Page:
The peaks and pits of body image and pregnancy

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Pregnancy is an experience that changes women’s lives, and their bodies.

What is often the happiest time of one’s life also entails body image struggles. While also dealing with new hormonal changes throughout their nine month term, pregnancy can be overwhelming.

Research shows that women’s insecurities increase not only throughout pregnancy, but up to nine months postpartum. This caused women to gain more weight, have worsened mental health and lack in their relationships with friends and family.

Madison Gabriel knows how familiar these feelings are, as she is the mother of two children. Since she was a young mom, many of the changes she was experiencing during pregnancy made her feel alone.

“During pregnancy, you expect yourself to get bigger. Some women barely gain any weight and some women gain half their body weight. The hardest thing is wondering what you’re going to look like after you give birth,” Gabriel said.

“Are the stretch marks going to fade, are the love handles going to go away, are you going to lose that extra fat on your thighs? I lost all of my baby weight plus some, but my body doesn’t look the same and I know it never will and that’s something I struggle with daily because at 21, most girls don’t have kids and their bodies are in their prime.”

In a study published in the Obstetrics and Gynecology Journal, researchers found that women’s risk of depression increases substantially during the second and third trimesters.

Gabriel said that oftentimes people don’t realize the internal struggles women are dealing with during pregnancy. Since it’s a time that women are expected to have that ‘pregnancy glow,’ there can be guilt that comes with feeling unhappy.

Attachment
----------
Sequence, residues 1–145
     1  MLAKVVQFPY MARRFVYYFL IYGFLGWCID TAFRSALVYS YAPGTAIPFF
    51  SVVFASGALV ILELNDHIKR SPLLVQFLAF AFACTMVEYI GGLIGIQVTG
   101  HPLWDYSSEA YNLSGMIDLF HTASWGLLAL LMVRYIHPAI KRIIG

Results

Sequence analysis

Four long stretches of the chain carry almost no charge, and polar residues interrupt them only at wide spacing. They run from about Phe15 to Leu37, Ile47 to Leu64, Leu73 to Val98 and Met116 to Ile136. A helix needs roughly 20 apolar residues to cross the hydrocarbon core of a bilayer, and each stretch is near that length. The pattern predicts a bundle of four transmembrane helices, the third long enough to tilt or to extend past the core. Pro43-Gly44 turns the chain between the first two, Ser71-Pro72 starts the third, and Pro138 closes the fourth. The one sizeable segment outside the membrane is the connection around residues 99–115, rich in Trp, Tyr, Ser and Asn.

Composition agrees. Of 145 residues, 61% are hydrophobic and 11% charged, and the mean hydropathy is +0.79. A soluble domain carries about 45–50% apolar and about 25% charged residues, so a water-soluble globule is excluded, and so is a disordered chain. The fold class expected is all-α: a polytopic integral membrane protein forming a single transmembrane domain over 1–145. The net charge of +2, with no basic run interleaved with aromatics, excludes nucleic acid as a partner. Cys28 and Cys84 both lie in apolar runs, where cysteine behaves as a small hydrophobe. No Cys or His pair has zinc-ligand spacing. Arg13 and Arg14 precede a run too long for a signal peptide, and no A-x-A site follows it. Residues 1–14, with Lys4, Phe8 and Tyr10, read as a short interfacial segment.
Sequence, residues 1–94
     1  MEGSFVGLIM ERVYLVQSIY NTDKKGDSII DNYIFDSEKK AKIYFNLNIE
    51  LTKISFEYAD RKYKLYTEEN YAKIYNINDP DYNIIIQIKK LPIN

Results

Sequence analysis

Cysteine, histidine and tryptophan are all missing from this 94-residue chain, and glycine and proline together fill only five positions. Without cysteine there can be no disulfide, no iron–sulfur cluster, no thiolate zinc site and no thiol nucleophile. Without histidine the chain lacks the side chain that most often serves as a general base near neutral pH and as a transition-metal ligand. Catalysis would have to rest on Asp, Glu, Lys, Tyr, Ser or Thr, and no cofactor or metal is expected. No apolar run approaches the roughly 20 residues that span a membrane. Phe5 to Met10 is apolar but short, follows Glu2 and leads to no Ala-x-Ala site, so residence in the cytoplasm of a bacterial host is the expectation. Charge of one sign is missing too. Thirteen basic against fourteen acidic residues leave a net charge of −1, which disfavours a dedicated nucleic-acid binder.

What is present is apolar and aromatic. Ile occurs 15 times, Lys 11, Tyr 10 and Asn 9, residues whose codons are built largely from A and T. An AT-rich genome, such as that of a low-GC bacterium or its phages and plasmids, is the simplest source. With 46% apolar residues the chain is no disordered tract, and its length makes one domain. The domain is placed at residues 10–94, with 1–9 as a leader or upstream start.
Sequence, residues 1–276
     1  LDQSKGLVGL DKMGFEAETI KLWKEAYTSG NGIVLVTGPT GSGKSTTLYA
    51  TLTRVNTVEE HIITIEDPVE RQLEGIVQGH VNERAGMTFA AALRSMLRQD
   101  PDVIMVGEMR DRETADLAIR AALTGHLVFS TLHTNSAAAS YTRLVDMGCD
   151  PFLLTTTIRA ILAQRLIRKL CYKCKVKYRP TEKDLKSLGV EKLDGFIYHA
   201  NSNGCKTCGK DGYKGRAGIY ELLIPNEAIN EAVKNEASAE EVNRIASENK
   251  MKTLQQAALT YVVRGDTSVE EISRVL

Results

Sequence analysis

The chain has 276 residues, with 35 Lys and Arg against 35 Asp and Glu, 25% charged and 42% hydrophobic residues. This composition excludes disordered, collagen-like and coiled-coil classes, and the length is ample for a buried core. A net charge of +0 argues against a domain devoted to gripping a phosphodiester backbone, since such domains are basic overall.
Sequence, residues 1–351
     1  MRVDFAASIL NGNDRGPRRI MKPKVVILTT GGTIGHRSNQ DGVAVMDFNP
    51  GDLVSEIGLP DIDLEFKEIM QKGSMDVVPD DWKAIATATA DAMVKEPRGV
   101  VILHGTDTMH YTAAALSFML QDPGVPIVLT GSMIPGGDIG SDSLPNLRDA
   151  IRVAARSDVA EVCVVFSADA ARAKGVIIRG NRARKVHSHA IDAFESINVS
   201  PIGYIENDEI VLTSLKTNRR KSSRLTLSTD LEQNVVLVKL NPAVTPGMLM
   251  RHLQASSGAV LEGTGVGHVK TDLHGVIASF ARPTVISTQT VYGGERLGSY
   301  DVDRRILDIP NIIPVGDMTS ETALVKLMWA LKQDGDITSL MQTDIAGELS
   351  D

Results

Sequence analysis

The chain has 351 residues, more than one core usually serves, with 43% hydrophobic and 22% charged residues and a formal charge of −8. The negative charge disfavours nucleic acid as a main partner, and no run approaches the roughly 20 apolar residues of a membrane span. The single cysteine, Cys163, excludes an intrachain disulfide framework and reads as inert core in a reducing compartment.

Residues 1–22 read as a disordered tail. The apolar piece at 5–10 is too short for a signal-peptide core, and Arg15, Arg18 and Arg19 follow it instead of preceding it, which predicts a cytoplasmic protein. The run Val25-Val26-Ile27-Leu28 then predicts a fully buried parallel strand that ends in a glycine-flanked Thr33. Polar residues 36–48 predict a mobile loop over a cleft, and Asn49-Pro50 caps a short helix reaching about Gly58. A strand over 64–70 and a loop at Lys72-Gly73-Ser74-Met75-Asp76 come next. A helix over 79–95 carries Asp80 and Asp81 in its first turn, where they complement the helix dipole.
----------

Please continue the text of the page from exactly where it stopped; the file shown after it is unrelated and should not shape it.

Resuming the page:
“I think that people who have never been pregnant don’t know the emotional roller coaster that women face. This world has become such a judgmental place that being a mom is one of the hardest jobs in the world because everyone scrutinizes moms,” Gabriel said.

“You have nine months to think of what life is going to be like now that you’re responsible for another human being. That thought in itself is terrifying. So with me being a young first time mom, I struggled because everyone expected me to be a bad mom because I was so young.”

One reason Gabriel believes women face postpartum depression is due to the stigma of new moms leaving their baby’s side. Gabriel said at times she felt afraid to have a social life and noticed the effects it was having on her mental health.

“When a mom wants to go out and take a break for a few hours, people lose their minds. But it is necessary to get a few hours to yourself – it’s healthy,” Gabriel said. “I didn’t realize by not taking time for myself it caused a lot of emotional and mental damage. Sometimes even going to the store by yourself is the kind of break you need.”

Now that she’s gone through two pregnancies, Gabriel knows the reality of pregnancy, and it’s much more than people think.

“Pregnancy is more than cravings and that cute baby bump. It’s morning sickness for the first 12 weeks, being so ridiculously tired you wake up thinking about going to bed, stressing about whether you’re giving your baby proper nutrients, stressing about stressing too much and harming the baby, and struggling to sleep at night because you can’t get comfortable,” Gabriel said.

“Pregnancy in general is such a weight on your shoulders, but not in a bad way. It’s a challenge but you get through it and get something absolutely amazing out of it, so it’s all worth it in the end.”

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